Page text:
In the end, Worf chooses to keep his son with him on the Enterprise. He challenges Alexander to face the challenge of being on the ship with him, facing the difficult times ahead together as a family. Alexander accepts.
Is this a ‘Good’ Episode:
Many people dislike Alexander but I find his character a nice addition to Worf’s story. Once they established that Worf had a son, it was rather disturbing that he wanted nothing to do with him. It was clear he loved this child that had appeared in his life, but it was also clear that his career and his Klingon heritage was far more important to him. The latter bothered me alot but the writers of the series were very good about making you forget the existence of Alexander pretty much entirely up until now.
Worf’s journey in learning and embracing his Klingon heritage has been more about obtaining approval from a Father he will never know than about being Klingon. So, when the Klingon Empire casually dismisses Mogh, Father of Worf, as a traitor, this puts Worf into a tailspin. The one role model he has built up for himself has let him down and he now is truly the son of no one, neither human nor Klingon, so he feels he has no place in the universe. Enter Alexander.
In a way, Alexander represents the alternate future that Worf never got to have. This is a Klingon Boy who has been abandoned, being raised by humans but has a Father that can show him the ways of his people. The fact that Alexander even exists scares Worf in a way that he cannot comprehend. This child is the future of his family line, one that, until recently, had been disgraced and ignored. Alexander is also a constant reminder of the one person Worf feels that he failed, K’Ehleyr. Had he been able to allow himself to be with K’Ehleyr when she was ready to be with him, he may have been there to save her from death and that haunts him. Alexander’s mere presence reminds him of that failure every moment he is around and this is almost too much for the Klingon Warrior to bear. So, he sends the child off to the two people who he knows raised a Klingon Child, his adoptive parents, the Rozhenko’s. While Sergey and Helena were more than willing to help, they also soon realize that they can’t take care of a young child again and that Alexander needs his real father. Worf now has an opportunity to give his own son something that he himself never had, a Father and in turn, a heritage.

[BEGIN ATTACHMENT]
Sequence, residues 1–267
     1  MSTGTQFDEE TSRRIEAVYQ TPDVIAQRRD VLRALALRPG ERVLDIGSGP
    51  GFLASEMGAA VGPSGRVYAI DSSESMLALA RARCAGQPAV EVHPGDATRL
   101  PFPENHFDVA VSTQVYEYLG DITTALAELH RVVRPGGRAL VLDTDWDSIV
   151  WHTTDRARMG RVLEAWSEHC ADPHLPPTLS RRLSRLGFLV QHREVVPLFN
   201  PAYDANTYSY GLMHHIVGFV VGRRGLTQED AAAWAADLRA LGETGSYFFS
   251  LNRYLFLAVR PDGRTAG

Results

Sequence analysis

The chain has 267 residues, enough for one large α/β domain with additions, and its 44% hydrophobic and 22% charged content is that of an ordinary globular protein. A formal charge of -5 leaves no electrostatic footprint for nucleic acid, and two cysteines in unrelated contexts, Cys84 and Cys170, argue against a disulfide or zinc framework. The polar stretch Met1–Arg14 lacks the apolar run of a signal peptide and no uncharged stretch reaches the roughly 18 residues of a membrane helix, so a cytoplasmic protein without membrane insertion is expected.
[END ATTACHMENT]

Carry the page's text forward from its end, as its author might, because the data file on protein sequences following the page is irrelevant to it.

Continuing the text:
Deep down this is a story about accepting responsibilities, no matter how difficult those responsibilities are. For a warrior like Worf, it is accepting a challenge he never thought he would face anytime soon, the challenge of Fatherhood.
Gleanings and Cool Bits:
We see Worf display that superhuman Klingon strength as he saves his son from under a fallen beam. It’s pretty epic.
Picard has a moment where he must choose to risk the lives of Worf, Riker and Alexander in exchange for saving the lives of the colonists from the Soliton wave. He chooses the colony but not without a moment of struggle.
Thanks for reading the Retro TV Review, I look forward to discussing the rest of the series with you, one episode at a time every Monday, Wednesday and Friday! Next Review: Hero Worship
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Late To The Game 3/7/2020 (Originally published 9/10/2018)
Special Thanks to Memory Alpha as they are one of the best sources for details on Star Trek information available. Although I have a pretty deep knowledge on the subject, they have proven invaluable as a regular resource.